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Posts Tagged ‘opening’

The Prayers

When I asked the world to open me,
I did not know the price.
When I wrote that two-word prayer in the sand,
I did not know loss was the key,
devastation the hinge,
trust was the dissolution
of the idea of a door.
When I asked the world to open me,
I could never have said yes to what came next.
Perhaps I imagined the waves
knew only how to carry me.
I did not imagine they would also pull me under.
When I asked the world to open me,
I had not imagined drowning
was the way to reach the shore.
The waves of sorrow dragged me down
with their tides of unthinkable loss.
The currents emptied my pockets
and stripped me of my ideas.
I was rolled and eroded
and washed up on the sand
like driftwood—softened.
I sprawled there and wept,
astonished to still be alive.
It is not easy to continue to pray this way.
Open me.
And yet it is the truest prayer I know.
The other truest prayer,
though sometimes it frightens me,
is Thank you.

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The Bidding


 
Again, I am ruled by it,
this invitation to be wildly open
the way a day is open,
this invitation to be porous
the way birdsong is porous,
this invitation to feel it all
the way skin feels it all when
I slip into a blue alpine lake.
Again this urge to fall all the way
into the mystery and refuse
any rope thrown in an attempt
to rescue me. Morning comes
with the scent of autumn,
charged with ripeness and rot
and the kinship of everything.
What an honor to be mortal,
to know the value of a day,
to know how vulnerable we are
and then give ourselves away.
 

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These warm summer evenings
I take in the nighthawks
looping above the field.
I take in their fast and agile flight,
take in their long and pointed wings.
Come winter, I will be grateful
to have stored such things.
When the nighthawks are gone
and the world is dim,
I will want to remember thema—
their aerialist displays, the way
they make of the dusk a playground,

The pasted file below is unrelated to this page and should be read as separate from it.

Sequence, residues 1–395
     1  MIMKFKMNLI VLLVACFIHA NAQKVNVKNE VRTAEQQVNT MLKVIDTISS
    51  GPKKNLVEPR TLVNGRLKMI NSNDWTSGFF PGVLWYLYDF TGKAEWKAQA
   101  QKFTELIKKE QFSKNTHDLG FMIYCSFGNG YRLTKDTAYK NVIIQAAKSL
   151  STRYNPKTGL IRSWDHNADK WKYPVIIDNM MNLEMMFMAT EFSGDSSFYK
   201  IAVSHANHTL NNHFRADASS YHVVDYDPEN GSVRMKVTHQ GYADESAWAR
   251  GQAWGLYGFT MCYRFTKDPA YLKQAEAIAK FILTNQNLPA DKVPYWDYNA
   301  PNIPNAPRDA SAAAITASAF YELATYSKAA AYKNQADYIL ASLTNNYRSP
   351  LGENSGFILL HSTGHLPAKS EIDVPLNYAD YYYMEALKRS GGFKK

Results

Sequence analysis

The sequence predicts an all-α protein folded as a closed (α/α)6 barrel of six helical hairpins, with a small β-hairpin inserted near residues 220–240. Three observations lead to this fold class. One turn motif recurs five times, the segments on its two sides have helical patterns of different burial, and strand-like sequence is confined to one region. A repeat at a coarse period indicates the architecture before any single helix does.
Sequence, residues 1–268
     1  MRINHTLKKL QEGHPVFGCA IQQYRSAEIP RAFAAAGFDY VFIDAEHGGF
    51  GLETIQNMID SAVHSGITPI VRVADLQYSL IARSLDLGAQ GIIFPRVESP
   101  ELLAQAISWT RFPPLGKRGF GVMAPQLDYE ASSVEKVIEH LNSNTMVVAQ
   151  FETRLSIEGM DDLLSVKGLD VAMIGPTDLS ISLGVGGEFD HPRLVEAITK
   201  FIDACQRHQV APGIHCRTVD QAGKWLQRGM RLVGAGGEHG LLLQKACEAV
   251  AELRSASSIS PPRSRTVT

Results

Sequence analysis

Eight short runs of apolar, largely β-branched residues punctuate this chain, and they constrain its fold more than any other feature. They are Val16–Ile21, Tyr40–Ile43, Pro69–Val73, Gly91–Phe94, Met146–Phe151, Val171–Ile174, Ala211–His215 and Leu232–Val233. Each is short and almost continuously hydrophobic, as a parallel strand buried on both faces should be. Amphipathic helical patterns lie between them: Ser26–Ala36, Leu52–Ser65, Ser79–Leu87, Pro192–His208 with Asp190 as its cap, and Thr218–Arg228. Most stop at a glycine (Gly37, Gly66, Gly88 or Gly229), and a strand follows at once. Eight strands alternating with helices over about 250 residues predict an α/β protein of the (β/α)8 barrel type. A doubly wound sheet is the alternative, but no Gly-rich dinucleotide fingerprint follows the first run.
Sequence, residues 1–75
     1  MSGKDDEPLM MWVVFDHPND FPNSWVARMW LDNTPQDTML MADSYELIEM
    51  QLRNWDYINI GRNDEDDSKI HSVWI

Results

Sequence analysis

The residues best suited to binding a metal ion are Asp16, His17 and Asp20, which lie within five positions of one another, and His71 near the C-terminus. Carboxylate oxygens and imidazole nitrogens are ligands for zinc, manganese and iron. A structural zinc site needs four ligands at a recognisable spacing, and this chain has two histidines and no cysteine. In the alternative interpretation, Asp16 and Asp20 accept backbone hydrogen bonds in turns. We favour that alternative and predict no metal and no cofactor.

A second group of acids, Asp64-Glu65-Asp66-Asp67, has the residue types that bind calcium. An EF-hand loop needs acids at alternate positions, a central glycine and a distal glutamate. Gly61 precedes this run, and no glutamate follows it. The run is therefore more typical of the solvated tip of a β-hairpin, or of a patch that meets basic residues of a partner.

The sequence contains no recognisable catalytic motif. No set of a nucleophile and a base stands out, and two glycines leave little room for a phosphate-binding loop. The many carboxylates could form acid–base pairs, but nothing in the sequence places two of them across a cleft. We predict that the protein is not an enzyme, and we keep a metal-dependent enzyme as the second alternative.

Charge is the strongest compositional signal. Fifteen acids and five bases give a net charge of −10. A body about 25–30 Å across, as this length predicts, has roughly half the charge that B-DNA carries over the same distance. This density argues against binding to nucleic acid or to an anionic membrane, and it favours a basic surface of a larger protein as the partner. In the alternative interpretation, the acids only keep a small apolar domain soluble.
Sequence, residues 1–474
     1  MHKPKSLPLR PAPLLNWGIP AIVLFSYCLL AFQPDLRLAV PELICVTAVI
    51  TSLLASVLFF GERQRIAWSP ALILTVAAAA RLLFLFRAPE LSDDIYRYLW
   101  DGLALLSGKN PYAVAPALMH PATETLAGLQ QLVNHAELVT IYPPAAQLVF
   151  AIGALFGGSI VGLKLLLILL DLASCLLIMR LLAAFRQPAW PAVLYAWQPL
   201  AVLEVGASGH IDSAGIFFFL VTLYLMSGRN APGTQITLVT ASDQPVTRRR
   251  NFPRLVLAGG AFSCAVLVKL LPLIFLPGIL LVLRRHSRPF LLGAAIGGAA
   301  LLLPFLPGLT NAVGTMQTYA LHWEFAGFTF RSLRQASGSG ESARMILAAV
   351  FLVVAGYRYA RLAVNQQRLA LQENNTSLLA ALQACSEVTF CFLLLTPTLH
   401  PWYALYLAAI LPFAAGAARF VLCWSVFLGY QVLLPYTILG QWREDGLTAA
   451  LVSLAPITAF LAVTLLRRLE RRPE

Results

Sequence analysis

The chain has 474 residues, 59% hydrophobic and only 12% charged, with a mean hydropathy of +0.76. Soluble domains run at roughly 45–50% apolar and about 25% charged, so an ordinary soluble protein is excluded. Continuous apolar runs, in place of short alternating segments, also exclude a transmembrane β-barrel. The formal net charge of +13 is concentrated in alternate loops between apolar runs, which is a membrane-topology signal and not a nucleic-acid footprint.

the way the whole night
seems to hang on an angling wing—
Oh summer is such a generous thing.
Even the dark is charged with the thrill
of living. Even this heart, wounded
and bruised, can’t help but open
to the wheeling of nighthawks,
how they arc and sweep
as the sun disappears
and then continue their swooping
long after the light is gone.

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for Andrea Bird


A person, once a stranger,
can slip into your life,
unplanned, of course,
as if brought by the wind
in much the same way
a seed of spotted saxifrage
can slip by happenstance
into a crack in a rock
then root and grow.
Eventually, the saxifrage
will split the rock open.
By then, it will be full,
its flowers prolific
and beautiful.
If you are lucky,
this once stranger
will do in time
the same to you—
will be alive in you,
crack you open
with their beauty,
make you grateful
to be so broken.

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If the eyes
can adjust
to the dark,
the iris expanding
the pupil
as wide
as possible
to open to light
and enhance
sensitivity,
then dear
heart, how
might you,
too, adjust?

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Even the word surrender
suggests some agency,
but perhaps
what is asked of us
is zero—perhaps
we are like the seed
of the lodgepole pine
that does nothing itself
to open.
It needs the heat
of a wildfire blaze.
The seed is released